Behind Rush R40

r40 rush
Actually 41, but who’s counting!

There’s a wonderful look at the “behind the scenes” of Rush’s 40th anniversary tour last year by Derk Hagedorn.  The article is actually six months old, but I just found it now.

From Jack White and Bruce Hornsby to Van Halen, Shakira and Jane’s Addiction, Brad Madix has mixed for a huge number of top artists over his impressive career, winning a number of Parnelli Awards, a Grammy nomination, and other industry accolades along the way. Together with business partner Greg Price, Brad also founded Diablo Digital Inc., a company that specializes in providing turn-key live recording systems for tours, festivals and installations. Most recently Brad was behind a VENUE | Profile at FOH for Rush’s R40 Live Tour, which commemorated the band’s 40th anniversary and featured songs from every era of their extensive catalog. I spoke with Brad shortly after the tour about the unique challenges he faced mixing the R40 Live Tour as well as his initial impressions of the new VENUE | S6L system.

Go here to read the full article.


Album Review: Rush – R40 Live CD

Rush is never going to get a #1 album as long as they continue to release a much anticipated new album the same day someone else, who has a wider fan base, releases theirs. R40 Live has ZERO chance of going #1 against Adele’s new album and it is pretty rare for a live album […]

Album Review: Rush – R40 Live CD

Rush is never going to get a #1 album as long as they continue to release a much anticipated new album the same day someone else, who has a wider fan base, releases theirs. R40 Live has ZERO chance of going #1 against Adele’s new album and it is pretty rare for a live album […]

Traveling as the Ghost Rider: An Excerpt from NEIL PEART: CULTURAL REPERCUSSIONS

Available now in paperback and ebook at
Available now in paperback and ebook at

In his best-selling book, Ghost Rider, the Canadian drummer not only proves to be an excellent writer (imagine Willa Cather and Jack Kerouac as one person; a bizarre combination, I know, but an accurate one), but he also reveals himself, yet again, a serious and stoic social and cultural critic.  Here are two sample passages from Ghost Rider.

The first day in Mexico was Selena’s birthday, and I had made careful plans on how to ‘memorialize’ that day. Early in the morning, I walked to the big cathedral in the Zocalo, went inside and bought two princess-sized votive candles (the biggest they had, of course) and lit them in front of the chapel for ‘Nuestra Senora de Guadalupe’ . . . . I sat there awhile, and cried some (well, a lot), amid the pious old ladies, tourists, and construction workers.[1]

Later in the book, in a less autobiographical nature, he explains his own vision of what art is.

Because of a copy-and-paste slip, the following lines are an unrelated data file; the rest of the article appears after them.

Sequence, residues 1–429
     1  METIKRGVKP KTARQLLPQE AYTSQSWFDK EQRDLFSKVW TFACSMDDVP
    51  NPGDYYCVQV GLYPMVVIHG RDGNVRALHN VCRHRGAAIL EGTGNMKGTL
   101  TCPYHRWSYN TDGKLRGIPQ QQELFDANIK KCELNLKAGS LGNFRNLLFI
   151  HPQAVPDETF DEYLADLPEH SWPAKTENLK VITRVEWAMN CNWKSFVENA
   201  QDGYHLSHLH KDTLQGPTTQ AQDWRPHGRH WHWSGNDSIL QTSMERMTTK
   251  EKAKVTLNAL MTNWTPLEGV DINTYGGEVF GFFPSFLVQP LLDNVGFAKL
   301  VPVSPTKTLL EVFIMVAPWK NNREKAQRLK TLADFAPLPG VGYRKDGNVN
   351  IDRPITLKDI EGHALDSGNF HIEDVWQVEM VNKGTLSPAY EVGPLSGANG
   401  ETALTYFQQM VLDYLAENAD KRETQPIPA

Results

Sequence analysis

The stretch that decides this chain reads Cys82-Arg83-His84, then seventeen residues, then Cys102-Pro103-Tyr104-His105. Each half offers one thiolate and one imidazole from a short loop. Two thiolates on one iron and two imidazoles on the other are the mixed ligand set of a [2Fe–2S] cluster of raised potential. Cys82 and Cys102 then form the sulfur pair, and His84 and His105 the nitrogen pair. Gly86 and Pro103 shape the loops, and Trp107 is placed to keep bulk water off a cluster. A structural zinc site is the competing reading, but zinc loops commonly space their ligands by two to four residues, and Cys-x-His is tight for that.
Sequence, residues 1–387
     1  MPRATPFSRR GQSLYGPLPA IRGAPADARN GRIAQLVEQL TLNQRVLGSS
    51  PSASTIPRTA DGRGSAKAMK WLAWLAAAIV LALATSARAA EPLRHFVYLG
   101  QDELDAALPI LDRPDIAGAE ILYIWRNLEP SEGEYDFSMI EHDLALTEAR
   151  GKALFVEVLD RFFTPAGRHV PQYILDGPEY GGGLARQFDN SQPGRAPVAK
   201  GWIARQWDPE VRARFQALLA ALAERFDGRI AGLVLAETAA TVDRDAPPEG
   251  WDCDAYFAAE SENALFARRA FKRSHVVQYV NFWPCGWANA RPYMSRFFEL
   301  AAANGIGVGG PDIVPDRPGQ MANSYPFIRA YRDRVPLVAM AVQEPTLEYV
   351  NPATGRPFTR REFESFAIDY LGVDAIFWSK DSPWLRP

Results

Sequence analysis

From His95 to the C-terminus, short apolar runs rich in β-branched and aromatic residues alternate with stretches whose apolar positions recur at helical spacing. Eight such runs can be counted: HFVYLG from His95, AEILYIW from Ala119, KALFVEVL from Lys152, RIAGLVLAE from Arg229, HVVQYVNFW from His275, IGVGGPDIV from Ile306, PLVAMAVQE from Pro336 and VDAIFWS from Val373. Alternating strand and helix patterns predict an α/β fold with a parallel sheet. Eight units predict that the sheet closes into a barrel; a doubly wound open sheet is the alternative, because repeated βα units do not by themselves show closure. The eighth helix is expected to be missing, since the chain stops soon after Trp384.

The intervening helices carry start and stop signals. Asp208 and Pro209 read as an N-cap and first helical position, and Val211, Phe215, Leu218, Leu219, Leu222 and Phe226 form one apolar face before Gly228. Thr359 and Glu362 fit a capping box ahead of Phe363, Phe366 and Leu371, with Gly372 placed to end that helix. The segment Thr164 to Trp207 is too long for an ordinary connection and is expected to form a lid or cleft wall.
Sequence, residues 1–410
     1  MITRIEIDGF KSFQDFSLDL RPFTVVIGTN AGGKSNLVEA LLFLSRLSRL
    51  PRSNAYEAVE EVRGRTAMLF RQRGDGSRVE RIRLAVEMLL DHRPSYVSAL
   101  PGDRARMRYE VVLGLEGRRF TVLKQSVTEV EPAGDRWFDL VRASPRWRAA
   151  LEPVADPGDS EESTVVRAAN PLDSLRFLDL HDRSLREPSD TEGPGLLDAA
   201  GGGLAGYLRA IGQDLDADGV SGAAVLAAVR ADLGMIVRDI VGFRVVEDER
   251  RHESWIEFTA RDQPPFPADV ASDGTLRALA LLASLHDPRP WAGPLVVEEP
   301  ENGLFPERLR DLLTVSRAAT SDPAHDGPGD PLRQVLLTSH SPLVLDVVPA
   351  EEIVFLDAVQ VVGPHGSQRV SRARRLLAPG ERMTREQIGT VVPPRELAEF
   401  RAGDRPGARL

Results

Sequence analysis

I once defined the basic nature of art as ‘the telling of stories,’ and never had I felt that to be more true. I played the anger, the frustration, the sorrow, and even the travelling parts of my story, the rhythms of the highway, the majesty of the scenery, the dynamic rising and falling of my moods, and the narrative suite that emerged was as cleansing and energizing as the sweat and exertion of telling it.[2]

Each of these passages shows Peart at his deepest.  The side the craves beauty and the side that craves telling the world about the beauty he has seen.

His travels also opened Peart to a number of personal revelations.  Overall, he believed that “the elemental ‘faith’ in life I used to possess is completely gone,” and that with such an erasing of the past and its securities, “every little element of my former life, behavior, interests, and habits, was up for re-examination.”[3]  Two specifics also emerged in this rebirth.  First, he had to accept the help of others, recognizing it as the gift it is and was intended to be by the giver.  Pride had to give way to charity.  Second, he came to see a more mystical side of life, well beyond his previously steady devotion to late eighteenth-century European rationalism.  In one incident—that would greatly influence the next three albums—Peart encountered a man who read his fortune through Tarot cards.  The reading proved so accurate that Peart ‘s “jaw dropped, and it’s still dropping.”[4]

Though most orthodox religions forbid the reading of Tarot, artists as diverse as T.S. Eliot and Russell Kirk have employed its meaning—however tragic and deep or superficial and meaningless—effectively as a form of story telling, especially when regarding character and morals.  Peart does the same through his lyrics over the next several albums.

[Taken from Bradley J. Birzer, Neil Peart: Cultural (Re)Percussions (WordFire Press, 2015), pages 96-96.  Available today in paperback for $11.99 at  the price includes shipping.]


[1] Peart, Ghost Rider, 310.

[2] Peart, Ghost Rider, 355

[3] Peart, Ghost Rider, 146-147.

[4] Peart, Ghost Rider, 338-339.

R40 Live to be Released: News from Prog-Sphere

Our good friends at Prog-Sphere have the following news regarding the November release of a R40 Live dvd.

Canadian rock legends Rush had both of their hometown Toronto performances — on June 17 and June 19 at the Air Canada Centre — professionally filmed and recorded for a future live DVD release. It is the first time the band had filmed a hometown concert in almost 20 years — since the recording of Rush‘s 1997 show at the Molson Canadian Amphitheatre on the ”Test For Echo“ tour. Prior to that, they recorded the legendary ”Exit… Stage Left“ at Massey Hall in 1980.

The new Rush set will be released on CD/DVD on November 20 via Zoe / Rounder Records / Concord Music Group.

For all details, go to:

Neil Peart: Cultural Repercussions Now Available

As any Neil Peart fan well knows, the great man just celebrated his 63rd birthday and his sequel to his co-authored novel, CLOCKWORK LIVES, comes out tomorrow. We all eagerly await with intense and immense anticipation this new work by Peart and Hugo-nominated science-fiction author, Kevin J. Anderson.

Out September 15, 2015.
Out September 15, 2015.

I must also proudly note that my intellectual biography of the world’s greatest drummer comes out tomorrow as well. NEIL PEART: CULTURAL (RE)PERCUSSIONS (WordFire Press). It will be available in paperback ($14.99) and ebook ($5.99) but is now available for pre-order.